As the chip shortage continues to wreak havoc on new-car inventories, more buyers turn to used cars, according to Experian's State of the Automotive Finance Market Report: Q2 2022.
The report shows almost 62% of all vehicle financing was for used vehicles, up from just over 58% in Q2 2021. That surge has led to a jump in credit unions’ market share. The increase, which Experian calls "significant," saw numbers reach about 26% in Q1 2022, up from about 18% in Q1 2021, coming in second only to banks (just under 28%) and surpassing captive lenders (more than 23%).
"A lot of the increase for credit unions is because, from what I'm seeing so far, credit unions haven't raised their rates," Melinda Zabritski, Experian's senior director of automotive financial solutions, tells Wards. "But I think there's also a balance on the dealer side between maintaining their business and revenue opportunities (while) also making sure that the consumer is well served with loan amounts“ and competitive interest rates.
As we previously reported, experts at TransUnion recommend dealers' chief financial officers consider partnering with credit unions to offer their customers the lowest possible financing.
Experian reports the shift to used vehicles was present across all credit tiers, though near-prime saw the most significant increase, going from about 72% in Q2 2021 to just under 78% in Q2 2022. For subprime consumers, the percentage of used-vehicle loans grew from about 86% in Q2 2021 to about 89% in Q2 2022, while prime consumers saw growth from just over 61% to almost 64% in the same time frame.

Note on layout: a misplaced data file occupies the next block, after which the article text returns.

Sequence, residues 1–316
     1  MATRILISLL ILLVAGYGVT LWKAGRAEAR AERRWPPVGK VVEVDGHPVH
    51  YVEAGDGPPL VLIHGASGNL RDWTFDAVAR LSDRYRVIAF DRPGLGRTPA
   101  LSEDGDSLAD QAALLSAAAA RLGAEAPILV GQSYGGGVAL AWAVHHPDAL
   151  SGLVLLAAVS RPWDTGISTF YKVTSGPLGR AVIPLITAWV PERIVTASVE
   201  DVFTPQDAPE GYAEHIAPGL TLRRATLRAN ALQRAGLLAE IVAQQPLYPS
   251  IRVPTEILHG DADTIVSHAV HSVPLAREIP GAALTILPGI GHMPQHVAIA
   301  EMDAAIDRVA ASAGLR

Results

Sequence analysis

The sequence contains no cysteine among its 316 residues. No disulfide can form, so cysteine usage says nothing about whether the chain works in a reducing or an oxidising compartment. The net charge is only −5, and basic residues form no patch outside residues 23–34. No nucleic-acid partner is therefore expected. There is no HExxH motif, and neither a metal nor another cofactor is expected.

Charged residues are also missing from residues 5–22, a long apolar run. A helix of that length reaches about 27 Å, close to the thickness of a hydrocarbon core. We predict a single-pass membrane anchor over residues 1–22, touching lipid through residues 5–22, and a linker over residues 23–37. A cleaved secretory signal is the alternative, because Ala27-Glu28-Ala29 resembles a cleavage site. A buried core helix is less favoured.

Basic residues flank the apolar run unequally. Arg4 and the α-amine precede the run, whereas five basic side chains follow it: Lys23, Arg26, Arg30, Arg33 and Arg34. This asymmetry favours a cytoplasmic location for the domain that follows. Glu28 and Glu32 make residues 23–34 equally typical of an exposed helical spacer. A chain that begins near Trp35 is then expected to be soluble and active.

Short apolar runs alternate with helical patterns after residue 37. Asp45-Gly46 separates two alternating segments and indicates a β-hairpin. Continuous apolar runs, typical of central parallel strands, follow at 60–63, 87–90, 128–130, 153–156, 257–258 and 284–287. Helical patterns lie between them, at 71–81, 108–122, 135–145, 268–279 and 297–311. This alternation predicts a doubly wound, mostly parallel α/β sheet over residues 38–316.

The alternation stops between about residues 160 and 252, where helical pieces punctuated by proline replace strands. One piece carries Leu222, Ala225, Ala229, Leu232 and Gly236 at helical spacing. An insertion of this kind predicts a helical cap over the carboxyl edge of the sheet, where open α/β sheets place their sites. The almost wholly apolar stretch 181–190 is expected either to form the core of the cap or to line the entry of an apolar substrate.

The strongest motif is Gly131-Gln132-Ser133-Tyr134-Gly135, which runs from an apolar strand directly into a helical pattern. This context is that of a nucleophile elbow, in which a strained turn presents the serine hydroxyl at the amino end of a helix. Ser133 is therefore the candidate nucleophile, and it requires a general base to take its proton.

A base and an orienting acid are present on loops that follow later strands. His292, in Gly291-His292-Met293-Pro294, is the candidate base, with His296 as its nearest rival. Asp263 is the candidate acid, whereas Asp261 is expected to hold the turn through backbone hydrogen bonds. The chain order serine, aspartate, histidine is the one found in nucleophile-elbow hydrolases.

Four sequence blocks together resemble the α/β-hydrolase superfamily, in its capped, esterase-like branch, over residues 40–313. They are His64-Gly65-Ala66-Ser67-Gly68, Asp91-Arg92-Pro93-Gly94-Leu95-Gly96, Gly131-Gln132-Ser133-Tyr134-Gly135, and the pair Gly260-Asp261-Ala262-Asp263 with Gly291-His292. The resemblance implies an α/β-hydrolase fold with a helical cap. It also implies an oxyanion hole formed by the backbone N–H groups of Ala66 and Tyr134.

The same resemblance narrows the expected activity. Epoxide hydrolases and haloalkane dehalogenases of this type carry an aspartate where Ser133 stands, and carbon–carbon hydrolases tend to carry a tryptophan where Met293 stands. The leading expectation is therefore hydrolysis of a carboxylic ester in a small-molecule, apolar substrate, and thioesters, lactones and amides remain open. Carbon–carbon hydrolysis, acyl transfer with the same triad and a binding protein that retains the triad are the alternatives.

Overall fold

The shift to used cars comes amid rising average vehicle loan amounts and monthly payments for both new and used vehicles. The average new-vehicle loan amount increased from about 13% year-over-year to $40,290 in Q2 2022, with a monthly payment of $667 compared with $582 in Q2 2021. Average used-vehicle loan amounts saw a sharper increase of almost 19% year-over-year, clocking in at $28,534, with an average monthly payment of $515 from $440 in Q2 2021.
Consumers seek extra savings because prices for some models have risen significantly, perhaps as much as $7,000 over what Zabritski calls a "short period of time." The sticker shock is even more profound for buyers returning to the market for the first time in several years.
"Between the inventory shortage and rising vehicle costs, consumers are looking to make the most cost-effective decision, which is often a used vehicle," says Zabritski. "The benefit of higher vehicle values is that consumers can get more for their trade-ins, which can help offset the increased cost of their next vehicle."